Before igniting the rhythm game peripheral revolution with the original Guitar Hero, Harmonix released a pair of rhythm games that laid the groundwork for that seminal title: Frequency and Amplitude. Now, with Rock Band Unplugged, Harmonix has gone back to these roots, putting out a peripheral-free rhythm game that is simultaneously reminiscent of Frequency and Amplitude, and undeniably a Rock Band game, despite the absence of any plastic guitars or drum kits. Most importantly, Rock Band Unplugged is an exciting rhythm game that should appeal to Rock Band veterans and rhythm game newcomers alike.
Yes, your band can be big in Japan.
If you've ever played a game of the Rock Band ilk, you'll be immediately at home with the gameplay in Unplugged. Colored gems representing notes come down a track toward you, and as they cross a horizontal target in rhythm with the song, you must press the corresponding button or buttons for those gems. By default, the four buttons used are the left and up buttons on the D pad and the triangle and circle buttons, which makes for a comfortable fit and corresponds nicely with the left-to-right layout of the gems on the screen. What sets Unplugged apart from its console cousins is that you are responsible for all four of the instrument tracks that make up a song--bass, drums, vocals, and guitar--and you must switch between them constantly using the shoulder buttons to keep your band members onstage. In the standard gameplay modes, successfully playing every note in a phrase will result in that instrument playing on its own for a little while, freeing you up to focus your attention on another track. Having to keep the proverbial plates spinning adds a layer of complexity and fun to the already engaging rhythm-based button pressing. Should instruments get neglected and start to fail out, you'll actually hear your gradual demise as those layers fall out of the song, which can be scary. Conversely, it's very satisfying to build the song back up, kicking in track upon track until the entire song is playing again. And if you're not in the mood to juggle tracks, the warm-up mode lets you focus on whichever track or tracks you want, without penalty.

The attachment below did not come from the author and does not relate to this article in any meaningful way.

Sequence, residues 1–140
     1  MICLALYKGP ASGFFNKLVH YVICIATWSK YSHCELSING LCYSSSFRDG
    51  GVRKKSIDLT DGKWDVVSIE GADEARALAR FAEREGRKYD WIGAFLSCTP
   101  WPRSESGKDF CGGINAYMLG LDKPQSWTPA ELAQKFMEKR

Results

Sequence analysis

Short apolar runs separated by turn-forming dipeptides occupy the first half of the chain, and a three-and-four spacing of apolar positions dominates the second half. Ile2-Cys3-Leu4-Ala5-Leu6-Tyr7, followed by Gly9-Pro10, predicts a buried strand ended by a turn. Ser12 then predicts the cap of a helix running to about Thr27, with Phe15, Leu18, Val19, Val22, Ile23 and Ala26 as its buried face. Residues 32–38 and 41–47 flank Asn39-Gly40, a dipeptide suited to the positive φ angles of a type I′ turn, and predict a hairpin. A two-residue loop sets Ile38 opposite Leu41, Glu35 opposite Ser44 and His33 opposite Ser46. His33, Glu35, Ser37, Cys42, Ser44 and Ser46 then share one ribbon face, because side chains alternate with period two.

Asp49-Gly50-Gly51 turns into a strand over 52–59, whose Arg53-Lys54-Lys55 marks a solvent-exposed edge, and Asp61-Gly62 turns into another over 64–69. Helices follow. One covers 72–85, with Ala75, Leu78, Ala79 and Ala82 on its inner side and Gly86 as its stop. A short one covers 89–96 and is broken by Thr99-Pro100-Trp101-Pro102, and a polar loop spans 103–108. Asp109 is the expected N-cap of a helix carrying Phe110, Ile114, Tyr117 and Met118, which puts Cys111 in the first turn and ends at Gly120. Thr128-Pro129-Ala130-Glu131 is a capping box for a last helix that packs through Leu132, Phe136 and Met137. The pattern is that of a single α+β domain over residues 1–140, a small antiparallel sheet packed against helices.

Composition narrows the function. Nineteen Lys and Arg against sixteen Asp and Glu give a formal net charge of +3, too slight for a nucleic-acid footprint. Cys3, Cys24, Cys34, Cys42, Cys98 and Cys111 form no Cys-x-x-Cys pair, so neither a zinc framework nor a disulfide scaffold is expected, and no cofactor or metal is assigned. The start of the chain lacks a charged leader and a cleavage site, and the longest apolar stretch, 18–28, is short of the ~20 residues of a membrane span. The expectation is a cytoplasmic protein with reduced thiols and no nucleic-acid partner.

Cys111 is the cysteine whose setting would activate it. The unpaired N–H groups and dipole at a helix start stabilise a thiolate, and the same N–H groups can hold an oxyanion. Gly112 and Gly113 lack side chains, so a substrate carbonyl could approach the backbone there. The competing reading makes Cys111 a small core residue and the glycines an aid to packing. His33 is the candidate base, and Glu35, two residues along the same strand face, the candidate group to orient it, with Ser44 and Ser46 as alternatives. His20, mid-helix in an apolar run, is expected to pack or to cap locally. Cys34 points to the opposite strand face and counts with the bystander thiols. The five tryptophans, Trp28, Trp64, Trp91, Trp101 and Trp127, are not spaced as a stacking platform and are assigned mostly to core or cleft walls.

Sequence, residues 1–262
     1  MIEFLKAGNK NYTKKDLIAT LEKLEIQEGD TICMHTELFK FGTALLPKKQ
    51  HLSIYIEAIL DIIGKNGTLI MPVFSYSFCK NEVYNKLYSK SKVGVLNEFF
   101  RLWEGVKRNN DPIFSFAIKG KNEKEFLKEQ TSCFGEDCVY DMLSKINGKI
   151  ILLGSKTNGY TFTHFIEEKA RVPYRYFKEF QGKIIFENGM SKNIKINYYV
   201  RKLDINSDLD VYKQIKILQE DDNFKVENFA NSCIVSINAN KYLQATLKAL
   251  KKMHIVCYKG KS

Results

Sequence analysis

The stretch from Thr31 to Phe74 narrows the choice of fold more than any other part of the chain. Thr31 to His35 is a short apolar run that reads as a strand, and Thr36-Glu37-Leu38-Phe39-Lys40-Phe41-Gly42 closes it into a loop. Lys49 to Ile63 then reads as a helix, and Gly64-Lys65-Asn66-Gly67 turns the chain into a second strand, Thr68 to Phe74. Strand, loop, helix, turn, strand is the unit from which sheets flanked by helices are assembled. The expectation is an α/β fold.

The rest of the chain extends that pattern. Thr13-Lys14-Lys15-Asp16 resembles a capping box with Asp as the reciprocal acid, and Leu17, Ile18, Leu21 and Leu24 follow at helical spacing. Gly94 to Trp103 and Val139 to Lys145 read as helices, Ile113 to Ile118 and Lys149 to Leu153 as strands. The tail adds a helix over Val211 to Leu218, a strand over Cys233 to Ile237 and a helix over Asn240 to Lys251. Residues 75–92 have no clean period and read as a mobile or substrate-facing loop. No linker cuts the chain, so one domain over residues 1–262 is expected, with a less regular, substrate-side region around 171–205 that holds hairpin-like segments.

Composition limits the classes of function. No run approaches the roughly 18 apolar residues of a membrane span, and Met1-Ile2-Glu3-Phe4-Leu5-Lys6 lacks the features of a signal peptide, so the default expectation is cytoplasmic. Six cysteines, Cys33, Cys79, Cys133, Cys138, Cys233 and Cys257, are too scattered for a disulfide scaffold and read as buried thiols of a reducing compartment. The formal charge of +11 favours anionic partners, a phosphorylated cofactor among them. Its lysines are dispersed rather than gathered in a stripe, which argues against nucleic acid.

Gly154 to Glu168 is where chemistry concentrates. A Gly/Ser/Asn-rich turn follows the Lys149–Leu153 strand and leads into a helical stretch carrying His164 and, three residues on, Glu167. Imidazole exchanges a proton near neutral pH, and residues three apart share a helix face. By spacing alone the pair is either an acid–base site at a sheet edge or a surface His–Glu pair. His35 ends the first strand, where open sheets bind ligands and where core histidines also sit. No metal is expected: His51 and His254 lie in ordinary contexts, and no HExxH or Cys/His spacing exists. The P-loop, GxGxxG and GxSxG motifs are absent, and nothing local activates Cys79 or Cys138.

As in the console games, when it comes to racking up the big points, consistency is key. As you maintain a perfect streak, you'll build up a score multiplier that will increase the point value of each note by up to five times, though one slipup will send that multiplier back to zero. Special sections of glowing gems fill up your energy meter, and once you've got enough energy stored up, you can enter overdrive, which has two uses here. If none of your band members have failed out of the song, overdrive will dramatically increase your existing multiplier for a period of time. If any members have failed, overdrive will get them back into the game. The four difficulty levels range from very manageable to blisteringly fast and complex, so players of all skill levels can strut their stuff onstage.
The heart of Unplugged is the World Tour mode, in which you create a four-member band, name it, choose from a number of very cool artist-created logos, and hit the road. The variety of clothing and gear options you can purchase in the game's rock shop means that you can customize your band's look and style to suit your own tastes, whether those lean more toward power pop or death metal. From humble beginnings playing at small clubs and dive bars, you can propel your way to the big time, earning fans and money, and getting access to better vehicles, bigger venues, and an army of merch girls, roadies, sound guys, and others sworn to do your bidding. These trappings of the Rock Band franchise are a perfect fit for Unplugged and serve to make the game more compelling, because you're never very far from your next significant step on the road to rock immortality.